20 February 2024
New winter school on ‘future chips’ in Eindhoven brings together world-leading parties on semiconductors and photonics
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TU/e is one of the JePPIX founders and continues to play a key role.
Future technologies in the fields of communication, sensing, and quantum computing look set to be based on photonic integrated circuits (PICs). To reduce development and prototyping costs for companies working on PICs, access to foundry manufacturing of PICs is essential. The JePPIX consortium, which was established in 2006, has just launched a new Pilot Manufacturing service to provide companies with an accessible and low-cost service for the design and pre-production of PIC devices that can help accelerate the development of such devices for a wide range of societal applications.
Photons can travel vast distances in optical fibers, while photonic systems offer information densities that are orders of magnitude greater than electronic-based systems. This bodes well for photonic integrated circuits (PICs) and could lead to faster, precise, and more energy efficient devices for sensing, imaging, and communication applications.
Supply chains are now aligning to support PIC product development such as JePPIX – the Joint European Platform for Photonic Integration of Components and Circuit. JePPIX is a vibrant community of foundries, software vendors, testing and packaging companies, technology innovators, suppliers, and enablers playing a key role in defining the road to commercialization of integrated photonic devices.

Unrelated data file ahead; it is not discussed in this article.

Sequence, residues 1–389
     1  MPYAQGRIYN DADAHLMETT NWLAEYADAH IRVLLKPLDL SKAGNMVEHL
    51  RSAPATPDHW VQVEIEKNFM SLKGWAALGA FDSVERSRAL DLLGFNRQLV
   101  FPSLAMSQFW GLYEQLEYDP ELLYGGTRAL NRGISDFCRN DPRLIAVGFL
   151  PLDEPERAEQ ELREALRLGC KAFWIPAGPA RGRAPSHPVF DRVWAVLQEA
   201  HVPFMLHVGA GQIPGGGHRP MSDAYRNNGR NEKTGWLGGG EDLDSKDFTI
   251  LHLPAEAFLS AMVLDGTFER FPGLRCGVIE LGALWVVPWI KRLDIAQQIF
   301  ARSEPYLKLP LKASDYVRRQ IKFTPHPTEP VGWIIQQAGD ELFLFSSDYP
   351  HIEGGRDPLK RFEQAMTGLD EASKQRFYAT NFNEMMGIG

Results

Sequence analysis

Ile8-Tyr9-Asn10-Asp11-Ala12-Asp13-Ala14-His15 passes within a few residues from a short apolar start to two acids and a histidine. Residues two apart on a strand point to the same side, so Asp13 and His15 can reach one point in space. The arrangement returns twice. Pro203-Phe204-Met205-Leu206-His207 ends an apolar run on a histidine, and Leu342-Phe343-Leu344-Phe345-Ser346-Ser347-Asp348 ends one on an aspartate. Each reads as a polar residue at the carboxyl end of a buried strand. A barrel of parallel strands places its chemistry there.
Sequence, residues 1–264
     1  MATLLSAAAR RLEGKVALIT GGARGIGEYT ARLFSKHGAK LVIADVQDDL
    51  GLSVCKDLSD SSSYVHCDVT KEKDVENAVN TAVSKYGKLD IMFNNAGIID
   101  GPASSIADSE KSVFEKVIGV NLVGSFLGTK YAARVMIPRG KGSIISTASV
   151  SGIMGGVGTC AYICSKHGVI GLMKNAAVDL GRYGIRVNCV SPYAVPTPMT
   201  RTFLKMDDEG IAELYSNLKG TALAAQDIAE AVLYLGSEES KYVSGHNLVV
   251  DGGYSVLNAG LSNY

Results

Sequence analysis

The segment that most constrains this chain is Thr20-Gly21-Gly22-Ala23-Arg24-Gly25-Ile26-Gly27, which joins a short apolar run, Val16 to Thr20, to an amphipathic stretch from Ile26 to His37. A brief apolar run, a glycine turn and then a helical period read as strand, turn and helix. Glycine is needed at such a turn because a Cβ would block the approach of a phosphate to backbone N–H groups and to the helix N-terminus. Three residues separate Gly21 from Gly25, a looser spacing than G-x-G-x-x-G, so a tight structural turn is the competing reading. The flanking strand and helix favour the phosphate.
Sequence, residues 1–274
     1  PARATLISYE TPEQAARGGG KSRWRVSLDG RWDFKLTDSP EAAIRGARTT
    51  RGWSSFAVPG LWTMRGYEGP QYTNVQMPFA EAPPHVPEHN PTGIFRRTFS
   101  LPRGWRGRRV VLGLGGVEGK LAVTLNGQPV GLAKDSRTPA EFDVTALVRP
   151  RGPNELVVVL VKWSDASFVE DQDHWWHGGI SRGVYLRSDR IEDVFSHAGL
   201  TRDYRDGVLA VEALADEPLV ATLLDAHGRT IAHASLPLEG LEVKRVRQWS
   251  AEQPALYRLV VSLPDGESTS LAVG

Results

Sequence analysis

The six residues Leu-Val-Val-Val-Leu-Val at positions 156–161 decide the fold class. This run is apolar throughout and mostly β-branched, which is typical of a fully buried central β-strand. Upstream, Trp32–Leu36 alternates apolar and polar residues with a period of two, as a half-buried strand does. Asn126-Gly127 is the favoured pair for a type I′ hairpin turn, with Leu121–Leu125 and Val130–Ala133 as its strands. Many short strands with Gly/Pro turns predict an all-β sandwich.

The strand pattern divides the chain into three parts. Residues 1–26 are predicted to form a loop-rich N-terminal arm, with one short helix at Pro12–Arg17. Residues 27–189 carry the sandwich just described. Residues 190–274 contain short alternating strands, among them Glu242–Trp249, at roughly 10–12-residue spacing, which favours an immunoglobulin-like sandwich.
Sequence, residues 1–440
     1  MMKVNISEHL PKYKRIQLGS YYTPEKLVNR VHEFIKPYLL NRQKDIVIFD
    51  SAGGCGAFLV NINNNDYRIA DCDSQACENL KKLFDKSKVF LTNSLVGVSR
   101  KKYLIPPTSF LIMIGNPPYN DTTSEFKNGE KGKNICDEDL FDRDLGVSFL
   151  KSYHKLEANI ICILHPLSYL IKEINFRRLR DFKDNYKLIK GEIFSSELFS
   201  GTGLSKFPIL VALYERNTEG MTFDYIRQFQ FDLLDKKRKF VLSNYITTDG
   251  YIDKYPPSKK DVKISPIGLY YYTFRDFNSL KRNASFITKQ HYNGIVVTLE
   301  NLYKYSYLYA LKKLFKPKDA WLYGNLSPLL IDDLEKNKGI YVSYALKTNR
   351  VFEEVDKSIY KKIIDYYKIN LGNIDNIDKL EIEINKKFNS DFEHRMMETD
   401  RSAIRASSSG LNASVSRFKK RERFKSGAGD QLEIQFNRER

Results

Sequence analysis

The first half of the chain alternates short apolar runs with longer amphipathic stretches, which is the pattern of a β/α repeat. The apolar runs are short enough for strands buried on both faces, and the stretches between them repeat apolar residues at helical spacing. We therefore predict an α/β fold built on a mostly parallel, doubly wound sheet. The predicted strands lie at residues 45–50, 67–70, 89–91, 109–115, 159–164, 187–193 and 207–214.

JePPIX has already reduced the cost of creating initial prototypes thanks to their open access foundry model, which has allowed many innovators and researchers to experiment with PIC technologies.
Now, thanks to the Pilot Manufacturing product, this industrial platform is removing the next hurdle to facilitate easier product creation. Using this product, businesses lacking fab facilities can systematically create and evaluate manufacture-ready designs. The supply chain includes design tool vendors, professional designers, foundries, and test automation experts.
This new development in the JePPIX approach makes key technological and operational aspects associated with PIC fabrication openly accessible to as many PIC developers as possible, and in a manner that can be referred to as a horizontal-integrated fabrication model. As a result, customers are able to configure the supply chain to suit their own expertise and requirements.
JePPIX includes Eindhoven success stories SMART Photonics – the pure-play foundry, BRIGHT Photonics – a professional design house, the Photonic Integration research team at TU/e, and a number of leading European institutes and businesses active in the exploitation of photonic integration technology.
In terms of PICs, indium phosphide (InP) is the material of choice when it comes to performance. Integration provides the route to scaling and cost. JePPIX’s generic photonic integration platform also exploits one of the key advantages of PIC development process; namely the ability to include a large variety of native circuit components such as lasers, photodetectors, and optical amplifiers on the same substrate.
This generic integration approach results in more stable and reproducible performance in chips, efficient design flow, and faster production. Crucially, JePPIX’s pilot line offers a reduction in size, weight, power consumption, and cost. This bodes well for companies seeking to build PIC devices into their products without having to rely on their own dedicated fabrication platform.
JePPIX’s pilot manufacturing services will be of relevance to a broad range of companies involved in communications, biomedical sensing, and metrology. JePPIX includes three PIC foundries that provide access to differing techniques for the production of InP PIC devices comprised of various optical subcomponents.
It is anticipated that the JePPIX pilot line will help a number of companies become pioneers through the exploitation of PICs in new markets. JePPIX is partly supported by the InPulse project, coordinated at TU/e, which has received funding as part of the European Union’s Horizon 2020 research and innovation programme (grant agreement No: 871345).